Because most cannabinoids and terpenes are present in marijuana in such small concentrations, this makes it difficult to judge the effects that these individual compounds have when the plant is consumed as a whole. The exception to this rule is THC and CBD, the two cannabinoids found in the highest percentages in most marijuana strains. It’s the interaction between these two cannabinoids that provides one of the strongest arguments for the entourage effect.
Individual Effects of THC
Although the effects of THC can vary from one person to another, it’s well-known for causing a euphoric high. It’s useful for a variety of medical purposes, from calming pain and nausea to stimulating appetite. THC may also have negative side effects; it can cause short-term memory loss, an increased heart rate, and anxiety.
While these effects can be uncomfortable for some recreational marijuana consumers, they may be absolutely intolerable for medical marijuana patients. That’s what some people discovered about dronabinol, a synthetic THC medication marketed under the name of Marinol and used to quell nausea and vomiting and stimulate appetite. The THC side effects are too strong for some patients, however, causing them to feel anxious and unable to concentrate and function while taking it.
Individual Effects of CBD
CBD also has a whole host of medical uses. In addition to working as an effective painkiller, it’s also good at calming anxiety and lifting depression. Researchers have also found that CBD is effective at treating seizures in people with rare forms of epilepsy.
Unlike THC, CBD does not cause an intoxicating high and its side effects are generally mild. High doses of CBD can result in lightheadedness and a dry mouth, but it’s usually well-tolerated.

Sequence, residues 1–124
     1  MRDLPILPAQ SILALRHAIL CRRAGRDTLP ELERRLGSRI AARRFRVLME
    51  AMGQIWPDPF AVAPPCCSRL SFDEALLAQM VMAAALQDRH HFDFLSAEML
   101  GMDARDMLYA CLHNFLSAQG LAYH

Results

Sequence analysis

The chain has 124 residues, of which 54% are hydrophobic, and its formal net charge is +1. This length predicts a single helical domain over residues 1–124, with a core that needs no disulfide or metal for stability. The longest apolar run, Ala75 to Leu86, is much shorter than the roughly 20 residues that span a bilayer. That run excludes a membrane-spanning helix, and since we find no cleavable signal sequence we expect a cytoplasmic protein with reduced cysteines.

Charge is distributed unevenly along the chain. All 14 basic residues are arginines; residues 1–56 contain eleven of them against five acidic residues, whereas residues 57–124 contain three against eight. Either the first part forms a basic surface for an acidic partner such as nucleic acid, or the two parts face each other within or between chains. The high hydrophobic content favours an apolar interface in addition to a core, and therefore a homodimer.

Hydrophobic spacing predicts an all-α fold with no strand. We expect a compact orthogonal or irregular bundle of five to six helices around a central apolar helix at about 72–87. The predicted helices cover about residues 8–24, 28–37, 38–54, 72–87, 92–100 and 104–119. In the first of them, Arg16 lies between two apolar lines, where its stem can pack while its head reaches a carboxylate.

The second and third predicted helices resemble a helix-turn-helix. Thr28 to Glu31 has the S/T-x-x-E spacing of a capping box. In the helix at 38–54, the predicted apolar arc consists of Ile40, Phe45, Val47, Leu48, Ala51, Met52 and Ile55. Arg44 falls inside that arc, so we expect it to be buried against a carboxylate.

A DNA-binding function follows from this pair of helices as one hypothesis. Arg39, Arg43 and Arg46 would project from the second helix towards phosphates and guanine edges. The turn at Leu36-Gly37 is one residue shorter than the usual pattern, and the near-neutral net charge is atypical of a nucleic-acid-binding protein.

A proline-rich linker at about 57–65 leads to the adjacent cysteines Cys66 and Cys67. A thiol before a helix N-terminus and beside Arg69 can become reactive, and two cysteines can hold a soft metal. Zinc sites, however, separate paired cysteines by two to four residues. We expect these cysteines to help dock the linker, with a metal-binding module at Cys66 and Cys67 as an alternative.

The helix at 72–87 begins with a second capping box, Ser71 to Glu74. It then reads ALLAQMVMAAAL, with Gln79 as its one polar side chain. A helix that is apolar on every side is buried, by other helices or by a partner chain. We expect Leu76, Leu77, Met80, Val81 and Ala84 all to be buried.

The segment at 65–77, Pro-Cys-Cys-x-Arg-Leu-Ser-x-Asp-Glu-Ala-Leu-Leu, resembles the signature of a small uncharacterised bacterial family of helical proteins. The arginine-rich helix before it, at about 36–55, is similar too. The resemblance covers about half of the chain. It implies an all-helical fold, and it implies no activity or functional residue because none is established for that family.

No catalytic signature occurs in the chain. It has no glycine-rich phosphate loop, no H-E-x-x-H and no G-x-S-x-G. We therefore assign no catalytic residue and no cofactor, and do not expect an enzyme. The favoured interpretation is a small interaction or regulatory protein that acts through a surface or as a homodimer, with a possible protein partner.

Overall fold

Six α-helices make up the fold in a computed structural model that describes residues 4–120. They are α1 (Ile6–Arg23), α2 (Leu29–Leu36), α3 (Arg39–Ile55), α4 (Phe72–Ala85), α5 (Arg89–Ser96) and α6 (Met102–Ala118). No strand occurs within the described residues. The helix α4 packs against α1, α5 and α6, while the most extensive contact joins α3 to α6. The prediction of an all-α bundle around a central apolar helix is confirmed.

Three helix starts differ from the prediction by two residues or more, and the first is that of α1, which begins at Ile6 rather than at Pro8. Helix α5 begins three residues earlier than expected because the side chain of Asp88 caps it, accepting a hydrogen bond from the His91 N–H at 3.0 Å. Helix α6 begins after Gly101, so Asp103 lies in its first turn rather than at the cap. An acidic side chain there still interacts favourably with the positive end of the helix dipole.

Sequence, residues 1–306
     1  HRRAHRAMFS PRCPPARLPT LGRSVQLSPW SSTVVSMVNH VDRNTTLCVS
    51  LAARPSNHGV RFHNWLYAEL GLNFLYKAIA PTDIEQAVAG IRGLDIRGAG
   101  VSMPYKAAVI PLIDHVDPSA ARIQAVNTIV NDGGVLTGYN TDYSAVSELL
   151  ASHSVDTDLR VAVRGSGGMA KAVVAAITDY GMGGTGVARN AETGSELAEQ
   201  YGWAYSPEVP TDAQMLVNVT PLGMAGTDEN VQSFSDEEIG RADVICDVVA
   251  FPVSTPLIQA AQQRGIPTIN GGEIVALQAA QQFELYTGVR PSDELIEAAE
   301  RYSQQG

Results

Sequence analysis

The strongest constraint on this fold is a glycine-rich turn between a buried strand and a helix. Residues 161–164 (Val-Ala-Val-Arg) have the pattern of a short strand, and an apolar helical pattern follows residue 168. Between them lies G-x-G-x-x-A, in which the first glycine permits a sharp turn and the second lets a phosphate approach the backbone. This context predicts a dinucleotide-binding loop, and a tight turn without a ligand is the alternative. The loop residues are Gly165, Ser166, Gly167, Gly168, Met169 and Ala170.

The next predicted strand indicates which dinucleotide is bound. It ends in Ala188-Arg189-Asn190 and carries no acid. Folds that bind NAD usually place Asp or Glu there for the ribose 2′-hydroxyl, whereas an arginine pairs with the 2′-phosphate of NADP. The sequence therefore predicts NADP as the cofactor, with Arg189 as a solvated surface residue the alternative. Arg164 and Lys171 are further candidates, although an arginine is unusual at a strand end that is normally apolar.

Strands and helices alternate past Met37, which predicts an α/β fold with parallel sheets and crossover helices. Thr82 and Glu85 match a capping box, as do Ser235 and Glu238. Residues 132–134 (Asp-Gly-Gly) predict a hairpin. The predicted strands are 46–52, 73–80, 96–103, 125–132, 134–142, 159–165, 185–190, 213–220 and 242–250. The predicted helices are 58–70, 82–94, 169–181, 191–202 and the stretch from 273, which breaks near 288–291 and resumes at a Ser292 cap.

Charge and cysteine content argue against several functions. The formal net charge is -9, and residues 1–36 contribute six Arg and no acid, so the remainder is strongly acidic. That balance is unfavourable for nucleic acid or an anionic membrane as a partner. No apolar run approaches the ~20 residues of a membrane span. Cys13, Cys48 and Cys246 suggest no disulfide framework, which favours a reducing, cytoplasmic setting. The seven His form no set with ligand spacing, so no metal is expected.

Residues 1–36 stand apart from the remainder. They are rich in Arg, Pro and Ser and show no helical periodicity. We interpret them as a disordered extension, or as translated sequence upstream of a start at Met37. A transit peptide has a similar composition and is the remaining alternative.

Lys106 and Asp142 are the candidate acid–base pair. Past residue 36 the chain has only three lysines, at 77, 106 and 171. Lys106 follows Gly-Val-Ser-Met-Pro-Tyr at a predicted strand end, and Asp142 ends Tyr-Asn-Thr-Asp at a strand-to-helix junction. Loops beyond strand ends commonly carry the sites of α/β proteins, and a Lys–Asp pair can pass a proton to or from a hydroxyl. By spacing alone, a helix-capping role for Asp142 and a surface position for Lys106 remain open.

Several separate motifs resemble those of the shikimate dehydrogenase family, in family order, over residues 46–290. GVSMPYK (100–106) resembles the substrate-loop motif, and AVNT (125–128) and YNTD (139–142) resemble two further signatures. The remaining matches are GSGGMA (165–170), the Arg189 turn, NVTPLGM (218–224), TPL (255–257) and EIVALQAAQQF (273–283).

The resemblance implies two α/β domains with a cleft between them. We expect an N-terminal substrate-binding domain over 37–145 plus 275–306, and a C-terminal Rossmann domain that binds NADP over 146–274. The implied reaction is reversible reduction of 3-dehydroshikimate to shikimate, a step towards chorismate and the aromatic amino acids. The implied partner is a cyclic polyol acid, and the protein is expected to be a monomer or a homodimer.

Researchers and patients have noticed that in addition to its usefulness as an individual medical treatment, CBD is particularly effective at combating some of the more unpleasant side effects of THC. As mentioned before, this combination is one of the easiest ways to see the cannabis entourage effect at work.
The effects obtained by combining CBD and THC depend on the ratios of each cannabinoid. The most noticeable effect created by consuming CBD with THC is the reduction in THC’s psychoactive high. At a 1:1 CBD-to-THC ratio, the high is greatly reduced. At a 2:1 CBD-to-THC ratio, THC’s psychoactive effects disappear altogether. CBD also counteracts the extreme anxiety THC can cause in those who are sensitive to its effects.
By understanding and utilizing the entourage effect to their advantage, medical marijuana patients are able to choose strains or products with the proper THC-to-CBD ratio to offer relief without creating discomfort. A 1:1 THC-to-CBD ratio was used to create nabiximols (marketed under the name Sativex), a medication used for neuropathic pain and muscle spasticity in multiple sclerosis.
In one study, a 10 milligram dose of THC caused psychotic symptoms in 40 percent of participants. When testing the 1:1 CBD-to-THC ratio for Sativex, researchers found that only 4 out of 250 participants displayed psychotic symptoms, even at THC doses as high as 48 milligrams.
What Science Has to Say
In addition to offering medical patients the ability to fine-tune their treatments, some people feel that the entourage effect also allows recreational marijuana consumers the ability to customize their high by choosing strains with various concentrations of THC, CBD, as well as other cannabinoids and terpenes. Some researchers and other experts in the field have expressed skepticism about the entire entourage effect theory, setting up a sharp disagreement between those who are for it and those who demand more evidence.